After years of looking at your unfinished garage walls, you’ve decided that it’s finally time to consider some garage wall ideas to make improvements.
Along with a grey concrete floor, dim lighting, and an unfinished ceiling, those unattractive walls are a nagging reminder that your garage doesn’t look all that different from when the builder completed work on the home.
And if your garage lacks any decent storage systems, there’s probably floor clutter to contend with, which only hurts the garage’s appearance even more.
Garage walls are a little like a blank canvas, with shelves, hooks and pegboards in place of paint. If you’ve run out of room to park your car because the space has been taken over by bikes, tools and sports equipment, or if you want to turn your seldom-used garage into a workshop or entertainment room, transform the walls with one of these easy solutions.
* Drywall. If your garage is finished, you likely have drywall already in place. In many states, it’s a requirement for fire code (check before tearing it down and replacing it with another material).
- Plywood or OSB board: Wood walls make a durable option for garages: They can take a beating from teenagers carelessly backing out the family car and are strong enough to hang tools and equipment without worrying so much about studs. They also help absorb sound. “Plywood has a neat look for walls when painted,” “Just be aware it will take several coats because it soaks up the paint.”
- Metal panels: Corrugated sheet metal is more expensive than the other options, but it’s fire retardant and holds up well. Plus, the shiny look brightens up a dark space. It can be fastened straight to wall studs or drywall with a furring strip.
- Pegboard: Available in metal or wood, pegboard is a handy way to keep clutter off the garage floor. You can use a pegboard as the wall or put it on top of existing drywall with a furring strip. This will ensure that the pegboard has enough space behind it for hooks to hang. Plan out exactly what you want to hang, then outline each item with a permanent market once it’s in place so you’ll know where to put it back.
- Slatwall: These panels, made of medium-density fiberboard (MDF), have overlapping layers and look like vinyl siding. They can be attached to drywall, masonry or wood studs, and the slats provide ample opportunity for attaching hooks and shelves.
The problem is, how do you know what type of finish you should use on your garage walls? After all, there are several options, from painting to drywall and a wide range of panel options.
This makes deciding between them difficult. Keep reading to find out more details on these various options for your garage walls, including the pros and cons of each, to help you decide which might be right for your garage.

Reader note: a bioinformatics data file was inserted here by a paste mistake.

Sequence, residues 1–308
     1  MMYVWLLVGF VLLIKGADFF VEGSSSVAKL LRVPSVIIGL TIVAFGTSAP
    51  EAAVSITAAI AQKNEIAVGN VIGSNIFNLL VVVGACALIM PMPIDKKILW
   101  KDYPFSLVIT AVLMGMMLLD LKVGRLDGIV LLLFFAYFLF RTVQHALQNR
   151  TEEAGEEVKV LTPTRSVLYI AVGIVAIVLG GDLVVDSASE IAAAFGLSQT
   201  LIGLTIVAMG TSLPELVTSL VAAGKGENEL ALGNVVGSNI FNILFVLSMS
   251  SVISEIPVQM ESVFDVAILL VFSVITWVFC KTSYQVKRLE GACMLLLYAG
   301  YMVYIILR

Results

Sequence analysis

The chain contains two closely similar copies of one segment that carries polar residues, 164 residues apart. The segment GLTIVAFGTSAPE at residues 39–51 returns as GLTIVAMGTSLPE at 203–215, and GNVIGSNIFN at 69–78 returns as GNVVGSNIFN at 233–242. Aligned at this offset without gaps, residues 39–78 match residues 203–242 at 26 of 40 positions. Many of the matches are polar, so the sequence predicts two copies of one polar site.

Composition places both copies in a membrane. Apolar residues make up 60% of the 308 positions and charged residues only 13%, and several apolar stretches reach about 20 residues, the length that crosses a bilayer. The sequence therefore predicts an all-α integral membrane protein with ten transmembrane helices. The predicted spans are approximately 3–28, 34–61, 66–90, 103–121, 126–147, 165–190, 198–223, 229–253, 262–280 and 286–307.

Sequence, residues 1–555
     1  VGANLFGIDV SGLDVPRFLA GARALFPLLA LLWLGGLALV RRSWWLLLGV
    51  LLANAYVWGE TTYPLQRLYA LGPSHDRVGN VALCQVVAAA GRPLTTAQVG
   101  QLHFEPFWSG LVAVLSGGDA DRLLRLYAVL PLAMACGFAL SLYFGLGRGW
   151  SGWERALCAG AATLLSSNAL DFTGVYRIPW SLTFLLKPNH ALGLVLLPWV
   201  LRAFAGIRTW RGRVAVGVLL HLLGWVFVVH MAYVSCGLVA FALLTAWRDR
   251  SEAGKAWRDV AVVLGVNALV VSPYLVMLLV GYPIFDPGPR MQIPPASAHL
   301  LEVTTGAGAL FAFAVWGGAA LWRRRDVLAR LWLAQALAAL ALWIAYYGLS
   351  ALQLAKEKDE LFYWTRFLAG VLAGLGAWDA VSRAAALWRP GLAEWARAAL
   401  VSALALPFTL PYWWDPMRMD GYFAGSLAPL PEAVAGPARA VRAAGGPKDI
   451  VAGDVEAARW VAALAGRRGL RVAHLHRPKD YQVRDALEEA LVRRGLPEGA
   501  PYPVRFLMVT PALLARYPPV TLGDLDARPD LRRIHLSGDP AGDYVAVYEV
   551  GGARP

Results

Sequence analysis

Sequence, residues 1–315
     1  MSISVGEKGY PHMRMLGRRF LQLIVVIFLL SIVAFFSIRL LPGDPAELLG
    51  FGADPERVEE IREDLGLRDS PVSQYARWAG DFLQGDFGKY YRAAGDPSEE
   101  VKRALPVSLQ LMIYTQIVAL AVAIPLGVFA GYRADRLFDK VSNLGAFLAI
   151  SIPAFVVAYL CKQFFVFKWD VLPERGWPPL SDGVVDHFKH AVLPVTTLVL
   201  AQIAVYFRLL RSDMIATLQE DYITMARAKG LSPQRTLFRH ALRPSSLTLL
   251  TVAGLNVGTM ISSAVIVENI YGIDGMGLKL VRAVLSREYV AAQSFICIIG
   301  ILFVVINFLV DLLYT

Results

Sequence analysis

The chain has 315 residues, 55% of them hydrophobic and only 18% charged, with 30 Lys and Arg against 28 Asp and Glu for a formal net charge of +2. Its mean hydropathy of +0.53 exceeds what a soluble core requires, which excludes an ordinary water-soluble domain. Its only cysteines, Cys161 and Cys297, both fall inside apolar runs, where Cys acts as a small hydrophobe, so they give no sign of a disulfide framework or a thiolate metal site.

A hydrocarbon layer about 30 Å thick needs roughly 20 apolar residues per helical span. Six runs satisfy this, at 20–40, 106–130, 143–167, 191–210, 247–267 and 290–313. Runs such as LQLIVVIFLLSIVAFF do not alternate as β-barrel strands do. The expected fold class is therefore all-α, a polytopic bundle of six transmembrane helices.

Options For Garage Wall Coverings
We’ve covered the why. Now let’s talk about the how. If you’re one of those creative, DIY homeowners, you may be willing to step out of the traditional box and go with something completely different. The options are endless.
For the rest of us that want some more common options, here’s a look at each of them, as well as any pros and cons they may offer.
Painting is perhaps the most common way homeowners choose to change the look of their garage walls. Paint can be applied to almost every type of existing surface, including cinder blocks, concrete, and even the back of exterior panelling.
If you’re going to go the simple route and paint your concrete block walls, it’s important to seal your walls so water can’t get in. When we did this with our garage, we wrote about the entire process and how we waterproofed our garage walls. It’s a simple process but a really important step that you shouldn’t skip.
- It can be done by the homeowner
- Wide range of colours
- Not as durable as other wall coverings (unless applied to drywall)
- Adds no surface for shelving or other storage solutions
There are several wood panelling options that you can use to cover the walls of your garage. You can purchase any wide range of siding panels, in large 4 x 8-foot panels or horizontal lats. This can allow you additional options for style and can also be painted.
- Installation can be done easier and faster than drywall
- No need for mudding or taping joints
- Allows for attaching storage items, such as shelves, hooks, and more.
- It May end up costing more than other options, depending on material choice
- Will require additional support between existing studs in most cases
FAQs About Garage Renovation
What Should I Put On The Inside Of My Garage Walls?
The best material for finishing garage walls is usually considered to be drywall. It increases the fire resistance of walls and is easy to install.